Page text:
Seventy-five senior citizens are eager to get back in the classroom.
They’re considered foster grandparents who lend a helping hand inside Clark County School District classrooms. Sometimes that means guiding students through reading or math assignments. Other times they may mentor children struggling with behavior issues.
But a new state law requiring fingerprints and background checks for regular volunteers has disrupted their daily activities because a $60 processing fee stands in the way.
“The school district isn’t picking up the cost, so that leaves our agency picking up the cost,” said Verika Dildy, who supervises the Foster Grandparent Program, which is administered by Catholic Charities of Southern Nevada.
So for the time being, the foster grandparents — all of whom are low-income seniors — are sidelined as the organization tries to come up with several thousand dollars. It’s what some school officials are calling an “unintended consequence” of Senate Bill 287, a bipartisan measure passed during the 2017 legislative session.
Clark County school officials issued a memo to district administrators on Oct. 31 that offered “final guidance” for complying with the new law. Regular volunteers would be defined as those who volunteer four times per month.
Meg Nigro, executive director of the school district’s human resources department, said no one disagrees with the intent behind the law, which is protecting children. But it has generated many questions and some logistical obstacles: What if volunteers can’t afford the processing fee? Will parents who are undocumented immigrants shy away from volunteering? And what if you’re just visiting the school to see your child a few times per month? Or attending a field trip?
Above all, district officials hope it doesn’t turn back any progress on parent engagement.
“It sends a mixed message for our other priorities, but we just have to be clear that this is not a CCSD-instituted policy,” Nigro said. “This came down by law, and we have to comply.”
But Nigro said the district is cautiously optimistic that parents will understand. As of earlier this week, 1,789 parent volunteers had completed the application to start the background-check process, she said, describing that as a “huge” turnout.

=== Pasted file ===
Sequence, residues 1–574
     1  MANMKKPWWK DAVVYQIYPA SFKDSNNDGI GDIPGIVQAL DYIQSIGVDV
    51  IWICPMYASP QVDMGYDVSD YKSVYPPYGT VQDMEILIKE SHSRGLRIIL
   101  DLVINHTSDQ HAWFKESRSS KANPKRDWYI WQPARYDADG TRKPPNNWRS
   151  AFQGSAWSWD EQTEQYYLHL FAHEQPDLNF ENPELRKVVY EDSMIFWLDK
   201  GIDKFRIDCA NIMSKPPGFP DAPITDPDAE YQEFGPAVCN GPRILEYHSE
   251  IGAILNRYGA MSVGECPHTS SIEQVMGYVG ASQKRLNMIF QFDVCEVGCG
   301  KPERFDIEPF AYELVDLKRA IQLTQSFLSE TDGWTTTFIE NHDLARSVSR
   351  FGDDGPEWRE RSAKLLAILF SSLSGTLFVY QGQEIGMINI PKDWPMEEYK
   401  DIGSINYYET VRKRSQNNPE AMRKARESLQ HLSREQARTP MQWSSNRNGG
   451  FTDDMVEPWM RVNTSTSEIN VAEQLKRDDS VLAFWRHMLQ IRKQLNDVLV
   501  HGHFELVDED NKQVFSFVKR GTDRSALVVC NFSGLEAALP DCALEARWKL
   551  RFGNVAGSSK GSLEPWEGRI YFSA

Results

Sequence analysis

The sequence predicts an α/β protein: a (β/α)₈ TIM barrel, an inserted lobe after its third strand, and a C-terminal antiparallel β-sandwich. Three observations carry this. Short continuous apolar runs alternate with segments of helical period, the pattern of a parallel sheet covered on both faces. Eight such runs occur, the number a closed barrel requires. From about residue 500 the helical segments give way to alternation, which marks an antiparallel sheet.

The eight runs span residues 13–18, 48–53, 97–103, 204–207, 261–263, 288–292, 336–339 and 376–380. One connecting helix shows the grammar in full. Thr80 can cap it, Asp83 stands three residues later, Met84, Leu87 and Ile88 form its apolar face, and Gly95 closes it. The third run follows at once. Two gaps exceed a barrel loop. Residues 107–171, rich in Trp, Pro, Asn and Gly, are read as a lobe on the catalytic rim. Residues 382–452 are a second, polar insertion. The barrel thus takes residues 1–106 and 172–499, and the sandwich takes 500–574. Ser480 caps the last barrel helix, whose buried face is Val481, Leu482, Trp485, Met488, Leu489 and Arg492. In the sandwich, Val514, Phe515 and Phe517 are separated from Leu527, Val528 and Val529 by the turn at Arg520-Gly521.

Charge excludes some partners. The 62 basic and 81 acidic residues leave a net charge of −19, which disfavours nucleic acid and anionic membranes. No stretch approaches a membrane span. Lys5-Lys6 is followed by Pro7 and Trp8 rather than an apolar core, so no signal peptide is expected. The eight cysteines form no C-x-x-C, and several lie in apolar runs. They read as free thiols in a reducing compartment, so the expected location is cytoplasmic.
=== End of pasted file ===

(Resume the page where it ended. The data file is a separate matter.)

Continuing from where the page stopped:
One day last month, more than 100 volunteer-hopefuls clogged a school district building hallway as they waited to get their fingerprints taken, Nigro said. Part of the problem: The volunteers hadn’t filled out an online application, so staff was scrambling to find laptops to help them complete the first step in the process.
District officials are brainstorming ways to ensure volunteers feel welcome — whether it be fundraising money to cover processing fees, finding workarounds so that undocumented immigrants don’t need to provide a Social Security number or something else entirely. The school district does not release the background-check information to anyone, Nigro said.
The Nevada Department of Education also conducted a workshop Tuesday to solicit feedback on a proposed language change to the law. The suggestions:
- Define “regular volunteer” as someone who interacts with students, on average, at least four times per month, which could include parents or guardians, student teachers, unpaid coaches, advisors, tutors and mentors, among others. It would not include parents or guardians who visit the school to drop off food, supplies or medical care to their children.
- Find a way to honor background checks performed by other governmental agencies, such as the military or law enforcement, if the process is equally rigorous as the school district’s process.
Dildy supports the latter suggestion. She said the low-income seniors enrolled in the Foster Grandparent Program, which is federally funded, first go through FBI and state background checks, which include screening for any sex-related crimes.
The foster grandparents receive a government stipend of $2.65 per hour — none of which comes from the school district — to help them make ends meet. But, for many of the seniors, it’s the time away from a beloved activity that’s disappointing them, Dildy said.
“For a lot of them, that’s their main activity each day,” she said. “It’s what gets them out of bed and keeps them active. It makes them feel like they’re really contributing to their community.”
As state and local officials untangle unintended kinks in the law, Nigro said she has been encouraging volunteers to visit a district website for information about the process as well as an online survey.
“We just want to keep hearing from the community,” she said.